"This is not to say, however, that language deficiency must be remedied by the State in any sense comparable to the obligation, grounded in the Sixth Amendment, to provide an interpreter at trial. See United States ex rel. Negron v. New York, 434 F.2d 386, 389-90 (2d Cir. 1970). On the contrary, the diligence requirement of equitable tolling imposes on the prisoner a substantial obligation to make all reasonable efforts to obtain assistance to mitigate his language deficiency.
Neither Diaz nor Tan have alleged efforts that satisfy the diligence requirement. Both have claimed nothing more than the unavailability of personnel within their prisons who could translate for them during the applicable limitations periods. There is no allegation of any efforts to contact anyone outside the prison who might assist in making them aware, in their language, of legal requirements for filing a habeas corpus petition, nor what efforts were made to learn of such requirements within their places of confinement. Equitable tolling was properly rejected in their cases." Diaz, 515 F.3d at 154.
¶ 35 A reading of the cases cited in the dissent and the cases cited by them supports our conclusion that Cruz has utterly failed to meet his burden of showing that the late filing of his postconviction petition was not due to his own culpable negligence. Given our disposition in this case, we need not address defendant's remaining claim.
¶ 36 For the reasons stated, we affirm the second-stage dismissal of defendant's post- conviction petition by the circuit court of Cook County.
¶ 37 Affirmed.
¶ 38 JUSTICE NEVILLE, dissenting.
¶ 39 I respectfully dissent. In my opinion, Cruz adequately alleged facts showing that the delay in filing his postconviction petition did not result from his culpable negligence, and he has made a substantial showing of a constitutional violation. Accordingly, I would reverse the dismissal of Cruz's postconviction petition and remand for an evidentiary hearing at the third stage of proceedings on the petition.
¶ 40 Culpable Negligence
¶ 41 The majority correctly acknowledges that the Act permits a petitioner to file a late postconviction petition if "the petitioner alleges facts showing that the delay was not due to his or her culpable negligence" (725 ILCS 5/122-1(c) (West 2010)), and that we must accept as true all facts well-pleaded in the petition, unless the record positively contradicts them. Lander, 215 Ill.2d at 586. Cruz's completion of the seventh grade in Puerto Rico does not prove his literacy in English, especially to the extent needed to read and understand the Act. Cruz alleged that he sought help from jailhouse lawyers, who may have drafted his pro se submissions to the court. The majority relies on Cruz's ability to read a document to the court in English as sufficient to disprove the allegations of the petition. However, the ability to enunciate the words does not prove understanding. The trial court could more completely address the question of Cruz's ability to read and understand English at an evidentiary hearing. For purposes of this appeal, I would accept as true Cruz's allegation that he is "illiterate in law" and not fluent in English, and therefore he relied on the advice of jailhouse lawyers and library clerks. I would address the issue of whether Cruz has "allege[d] facts showing that the delay [in filing his postconviction petition] was not due to his culpable negligence." 725 ILCS 5/122-1(c) (West 2010).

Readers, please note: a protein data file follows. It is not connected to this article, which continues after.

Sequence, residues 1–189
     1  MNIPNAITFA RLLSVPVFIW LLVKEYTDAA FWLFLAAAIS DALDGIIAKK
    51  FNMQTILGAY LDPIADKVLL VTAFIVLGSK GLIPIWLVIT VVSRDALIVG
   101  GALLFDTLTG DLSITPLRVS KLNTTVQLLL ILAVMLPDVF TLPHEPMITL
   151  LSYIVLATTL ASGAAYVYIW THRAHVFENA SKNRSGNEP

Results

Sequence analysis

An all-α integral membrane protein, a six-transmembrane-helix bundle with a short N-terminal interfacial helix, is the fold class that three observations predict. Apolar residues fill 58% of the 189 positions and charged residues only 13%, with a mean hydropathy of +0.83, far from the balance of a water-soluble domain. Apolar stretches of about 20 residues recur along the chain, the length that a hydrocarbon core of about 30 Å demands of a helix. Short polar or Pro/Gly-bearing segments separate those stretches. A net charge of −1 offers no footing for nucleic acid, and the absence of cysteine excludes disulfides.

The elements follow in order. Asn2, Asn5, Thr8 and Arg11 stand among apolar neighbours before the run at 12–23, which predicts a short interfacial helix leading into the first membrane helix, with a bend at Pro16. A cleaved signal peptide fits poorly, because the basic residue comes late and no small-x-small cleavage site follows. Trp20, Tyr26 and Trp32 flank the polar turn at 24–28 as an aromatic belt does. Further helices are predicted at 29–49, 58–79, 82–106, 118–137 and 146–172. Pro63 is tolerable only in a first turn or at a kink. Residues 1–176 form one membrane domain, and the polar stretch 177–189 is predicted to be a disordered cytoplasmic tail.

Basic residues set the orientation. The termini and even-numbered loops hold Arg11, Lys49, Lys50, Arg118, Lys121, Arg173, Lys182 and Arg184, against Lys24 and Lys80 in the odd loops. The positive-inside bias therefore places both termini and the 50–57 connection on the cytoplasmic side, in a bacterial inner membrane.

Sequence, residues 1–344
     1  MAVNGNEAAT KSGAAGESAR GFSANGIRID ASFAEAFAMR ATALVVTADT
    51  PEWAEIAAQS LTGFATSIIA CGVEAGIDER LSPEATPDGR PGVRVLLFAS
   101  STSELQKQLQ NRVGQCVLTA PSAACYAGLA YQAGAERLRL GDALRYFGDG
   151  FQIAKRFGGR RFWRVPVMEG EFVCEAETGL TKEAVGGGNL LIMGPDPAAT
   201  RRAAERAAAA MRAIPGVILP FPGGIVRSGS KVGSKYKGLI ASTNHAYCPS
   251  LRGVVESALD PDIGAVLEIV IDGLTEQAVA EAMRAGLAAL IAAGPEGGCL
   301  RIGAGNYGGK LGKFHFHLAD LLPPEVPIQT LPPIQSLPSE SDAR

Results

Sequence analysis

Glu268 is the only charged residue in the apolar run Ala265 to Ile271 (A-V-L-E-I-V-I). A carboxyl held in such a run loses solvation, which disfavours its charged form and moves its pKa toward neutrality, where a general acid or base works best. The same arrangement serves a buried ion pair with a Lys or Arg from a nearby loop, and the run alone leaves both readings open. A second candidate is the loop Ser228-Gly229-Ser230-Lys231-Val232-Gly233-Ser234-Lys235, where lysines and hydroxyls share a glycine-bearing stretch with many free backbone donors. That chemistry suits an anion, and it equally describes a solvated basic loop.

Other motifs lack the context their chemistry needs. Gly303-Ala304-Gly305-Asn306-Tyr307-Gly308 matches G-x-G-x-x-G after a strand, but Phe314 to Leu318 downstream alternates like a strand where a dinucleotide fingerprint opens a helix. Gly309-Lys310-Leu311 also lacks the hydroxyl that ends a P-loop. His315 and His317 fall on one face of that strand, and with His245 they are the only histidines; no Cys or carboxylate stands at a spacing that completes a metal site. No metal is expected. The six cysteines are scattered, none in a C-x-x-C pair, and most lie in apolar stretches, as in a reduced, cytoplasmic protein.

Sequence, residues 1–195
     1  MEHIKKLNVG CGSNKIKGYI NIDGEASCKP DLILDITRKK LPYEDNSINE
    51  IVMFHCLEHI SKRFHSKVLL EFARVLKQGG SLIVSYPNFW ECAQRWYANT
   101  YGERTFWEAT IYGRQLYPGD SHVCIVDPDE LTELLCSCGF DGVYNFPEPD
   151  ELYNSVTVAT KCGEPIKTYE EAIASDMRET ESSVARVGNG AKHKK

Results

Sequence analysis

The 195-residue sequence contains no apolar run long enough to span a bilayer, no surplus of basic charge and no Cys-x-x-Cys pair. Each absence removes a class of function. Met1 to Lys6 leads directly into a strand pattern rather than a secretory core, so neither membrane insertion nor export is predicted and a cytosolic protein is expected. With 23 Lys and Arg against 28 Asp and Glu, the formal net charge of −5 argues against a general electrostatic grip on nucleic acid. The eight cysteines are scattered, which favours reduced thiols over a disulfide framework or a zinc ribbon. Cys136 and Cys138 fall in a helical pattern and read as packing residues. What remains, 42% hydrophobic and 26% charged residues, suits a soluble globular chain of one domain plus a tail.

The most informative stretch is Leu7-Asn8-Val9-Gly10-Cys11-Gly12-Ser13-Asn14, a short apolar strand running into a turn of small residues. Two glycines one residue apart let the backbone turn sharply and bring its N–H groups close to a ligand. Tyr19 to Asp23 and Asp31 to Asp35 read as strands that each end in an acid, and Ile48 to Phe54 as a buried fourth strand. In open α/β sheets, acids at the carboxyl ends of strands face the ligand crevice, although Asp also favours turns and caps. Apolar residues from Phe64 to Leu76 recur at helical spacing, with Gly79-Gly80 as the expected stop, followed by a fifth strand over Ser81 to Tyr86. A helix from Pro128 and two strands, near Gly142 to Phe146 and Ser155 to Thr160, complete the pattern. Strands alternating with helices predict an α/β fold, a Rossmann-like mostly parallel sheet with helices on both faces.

¶ 42 Our supreme court explained the applicable standard:
"Culpable negligence has been defined as '[n]egligent conduct that, while not intentional, involves a disregard of the consequences likely to result from one's actions.' Black's Law Dictionary 1056 (7th ed. 1999). Culpable negligence has also been defined as 'something more than negligence' involving 'an indifference to, or disregard of, consequences.' 65 C.J.S. Negligence § 19 (2000). Accord 1 R. Rawle, Bouvier's Law Dictionary 736 (3d rev. 1914) (stating that 'culpable neglect would seem to convey the idea of neglect for which he was to blame as is ascribed to his own carelessness, improvidence or folly').